The downbeat death of ‘A Little Death…’ segues wonderfully into the hungover Eastern acoustic guitar riff of ‘Salome’ – a song that’s been kicking around in the Doherty solo cannon for yonks and yonks. More strings and brutal but softly-delivered imagery (“the head of John The Baptist on a plate”, anyone?), it’s about as far from ‘Fuck Forever’ as you can get without the help of a space shuttle.
An acoustic demo of ‘Salome’
Through The Looking Glass
A song originally cooked up in during Libertines songwriting sessions in France between the Libs’ two albums, ‘Through The Looking Glass’ is the song that most resembles a full band effort on the album. A bulky-based mid-pacer, here Graham Coxon’s guitars are at their most recognisable, the overall effect being a heavy Britpop strike half-way between Babyshambles and early Blur. A possible single?
An early demo version of ‘Through The Looking Glass’
Sweet By And By
Wow. Are we in some kind of 1940s upper class tea party? Not quite, actually the tinkly piano and jazz-parp trumpets suggest we’re in a jaunty illegal whiskey den in New York, 60 years back. And maybe Pete’s had a few too many tumblers of tongue-shrivelling bourbon – towards the end of this he does sound rather… merry. Yup, this album’s eclectic.
Palace Of Bone
We don’t think James Skelly is the suing type – possibly a good thing, as ‘Palace Of Bone’, or at least the intro, is pretty Coral-tastic to say the least – ‘Pass It On’ quite literally. In reality this is probably Pete’s obsession wit The La’s becoming more prominent on this understated Liverpudlian-sounding song.
‘Palace Of Bone’ live in Paris last November
Another tender acoustic’n’piano-based effort, this time a duet between Pete and singer Dot Allison, who has joined the Babyshambler to perform it live at various solo gigs over the past year. Not quite a cousin to ‘What Katy Did’ off the Libs’ second album but at least some kind of daughter of an aunt’s sister who you know you’re related to in some way. Babyshambles’ Drew McConnell’s stand-up bass and loungey piano add depth to this sweet, drifting song.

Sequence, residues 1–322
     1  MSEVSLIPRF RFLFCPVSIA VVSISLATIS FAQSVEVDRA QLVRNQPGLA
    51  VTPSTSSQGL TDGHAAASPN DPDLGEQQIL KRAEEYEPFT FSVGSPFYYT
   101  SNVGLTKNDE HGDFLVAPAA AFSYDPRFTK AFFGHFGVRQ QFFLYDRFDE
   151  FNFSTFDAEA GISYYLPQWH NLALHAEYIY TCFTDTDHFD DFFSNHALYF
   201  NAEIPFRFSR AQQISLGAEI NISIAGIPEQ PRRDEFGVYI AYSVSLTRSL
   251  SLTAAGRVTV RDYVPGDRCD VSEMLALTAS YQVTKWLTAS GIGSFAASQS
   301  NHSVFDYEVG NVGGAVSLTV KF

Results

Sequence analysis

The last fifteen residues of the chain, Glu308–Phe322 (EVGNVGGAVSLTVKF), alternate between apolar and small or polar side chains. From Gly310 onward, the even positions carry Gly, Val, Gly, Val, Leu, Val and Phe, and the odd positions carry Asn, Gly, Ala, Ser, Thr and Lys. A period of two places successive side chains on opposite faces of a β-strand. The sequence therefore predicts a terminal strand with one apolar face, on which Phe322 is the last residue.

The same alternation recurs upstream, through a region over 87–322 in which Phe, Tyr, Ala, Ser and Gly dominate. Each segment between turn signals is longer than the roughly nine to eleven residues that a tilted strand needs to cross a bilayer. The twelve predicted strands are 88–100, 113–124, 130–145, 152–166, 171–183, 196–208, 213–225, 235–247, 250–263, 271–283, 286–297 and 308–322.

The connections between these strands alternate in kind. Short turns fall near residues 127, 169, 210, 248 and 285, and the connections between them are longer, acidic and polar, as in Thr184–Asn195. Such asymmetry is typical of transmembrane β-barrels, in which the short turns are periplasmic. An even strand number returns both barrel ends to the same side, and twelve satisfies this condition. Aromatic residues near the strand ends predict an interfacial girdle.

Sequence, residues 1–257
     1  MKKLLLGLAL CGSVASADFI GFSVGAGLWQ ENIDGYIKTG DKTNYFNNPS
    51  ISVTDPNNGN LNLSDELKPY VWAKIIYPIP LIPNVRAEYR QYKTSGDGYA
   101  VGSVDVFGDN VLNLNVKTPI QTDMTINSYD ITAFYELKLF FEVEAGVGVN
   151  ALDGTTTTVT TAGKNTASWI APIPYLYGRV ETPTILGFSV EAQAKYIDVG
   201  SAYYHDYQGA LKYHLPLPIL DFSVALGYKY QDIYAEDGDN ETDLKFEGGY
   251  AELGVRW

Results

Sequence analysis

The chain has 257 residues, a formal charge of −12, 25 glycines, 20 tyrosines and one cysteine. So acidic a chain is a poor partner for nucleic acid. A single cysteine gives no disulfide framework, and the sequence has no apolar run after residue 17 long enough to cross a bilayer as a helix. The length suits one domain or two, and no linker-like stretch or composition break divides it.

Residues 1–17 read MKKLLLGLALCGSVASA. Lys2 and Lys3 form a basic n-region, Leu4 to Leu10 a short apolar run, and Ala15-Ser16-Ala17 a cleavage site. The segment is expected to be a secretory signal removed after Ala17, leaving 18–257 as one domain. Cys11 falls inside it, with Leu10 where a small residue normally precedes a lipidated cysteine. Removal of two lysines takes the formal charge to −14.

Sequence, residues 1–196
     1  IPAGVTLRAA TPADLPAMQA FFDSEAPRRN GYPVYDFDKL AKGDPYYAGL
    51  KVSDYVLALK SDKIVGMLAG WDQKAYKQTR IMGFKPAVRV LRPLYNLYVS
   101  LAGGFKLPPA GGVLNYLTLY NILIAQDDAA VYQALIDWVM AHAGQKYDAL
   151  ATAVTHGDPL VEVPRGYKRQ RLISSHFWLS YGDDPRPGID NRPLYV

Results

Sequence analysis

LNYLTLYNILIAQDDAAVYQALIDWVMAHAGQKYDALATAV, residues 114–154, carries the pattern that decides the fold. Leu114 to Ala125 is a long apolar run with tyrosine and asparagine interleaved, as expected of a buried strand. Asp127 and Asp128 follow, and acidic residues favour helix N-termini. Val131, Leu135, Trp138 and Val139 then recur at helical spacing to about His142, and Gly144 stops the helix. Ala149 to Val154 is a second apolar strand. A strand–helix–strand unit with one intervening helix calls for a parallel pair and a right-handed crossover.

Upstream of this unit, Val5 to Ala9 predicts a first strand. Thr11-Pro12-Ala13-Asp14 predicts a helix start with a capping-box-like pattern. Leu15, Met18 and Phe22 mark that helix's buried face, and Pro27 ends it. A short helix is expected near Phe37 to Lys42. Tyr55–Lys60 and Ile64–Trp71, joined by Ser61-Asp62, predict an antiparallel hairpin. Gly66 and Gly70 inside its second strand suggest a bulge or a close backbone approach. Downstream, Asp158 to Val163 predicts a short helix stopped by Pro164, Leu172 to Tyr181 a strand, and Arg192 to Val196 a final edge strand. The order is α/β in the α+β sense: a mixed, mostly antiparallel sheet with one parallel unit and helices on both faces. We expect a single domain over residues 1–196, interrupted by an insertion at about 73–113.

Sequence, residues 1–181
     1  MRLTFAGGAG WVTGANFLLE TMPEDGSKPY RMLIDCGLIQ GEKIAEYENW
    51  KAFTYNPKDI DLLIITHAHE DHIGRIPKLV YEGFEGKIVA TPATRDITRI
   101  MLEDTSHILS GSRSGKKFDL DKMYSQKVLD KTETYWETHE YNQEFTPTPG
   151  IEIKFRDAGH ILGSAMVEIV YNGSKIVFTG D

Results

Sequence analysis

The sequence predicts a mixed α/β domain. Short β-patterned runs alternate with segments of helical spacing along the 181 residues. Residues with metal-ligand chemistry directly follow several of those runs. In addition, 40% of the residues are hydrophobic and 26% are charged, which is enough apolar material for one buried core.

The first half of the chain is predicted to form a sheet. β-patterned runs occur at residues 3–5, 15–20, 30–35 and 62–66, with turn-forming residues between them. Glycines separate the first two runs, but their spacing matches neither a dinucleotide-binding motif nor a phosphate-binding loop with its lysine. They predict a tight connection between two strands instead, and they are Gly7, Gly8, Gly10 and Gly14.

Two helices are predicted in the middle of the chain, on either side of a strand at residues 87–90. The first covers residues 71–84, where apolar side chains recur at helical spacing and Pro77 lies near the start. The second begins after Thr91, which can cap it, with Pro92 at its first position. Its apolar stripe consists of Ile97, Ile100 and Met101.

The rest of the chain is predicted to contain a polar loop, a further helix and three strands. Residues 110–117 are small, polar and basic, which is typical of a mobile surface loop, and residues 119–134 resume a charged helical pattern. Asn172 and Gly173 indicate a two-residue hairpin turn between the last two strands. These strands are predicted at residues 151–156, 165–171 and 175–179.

‘Sheepskin Tearaway’ live
Broken Love Song
Remember Wolfman? ‘For Lovers’, from 2004? He is credited with co-writing this. An earlier version was recorded with producer Jake Fior, but this new effort features Wolfy on guitar, building a creeping bass path to a blustering chorus – “They are the loneliest” repeated on possibly the most prominent hook on an album which, as Pete has said himself, is a rather uncommercial effort.
New Love Grows On Trees
From the blustery ‘Broken Love Song’ back to a cinematic bass-sweep’n’acoustic-tied effort. An air raid siren moans in mournfully over one of the more lyrically deft songs on the album, Pete singing, “Are you still talking to, All of those dead film stars, like you used to?/And are you still thinking of, all of those pretty rhymes/And perfect crimes, like you used to love?”. This had been kicking around the Libs and ‘Shambles canon for a while before Pete decided to use it here.
An early acoustic version of ‘New Love Grows On Trees’
Lady, Don’t Fall Backwards
An understated two-and-a-half minutes of acoustic guitar and echoing Richard Hawley-esque electric guitar meandering in the background to close the album. Here Pete gets all romantic – “Every giro day dress me like a ladyboy… if we make love in the morning I see your eyes look like two marbles in your head”. A downbeat organ, “Come on fall into my arms” repeated over the final strum, and that’s Pete’s solo album done.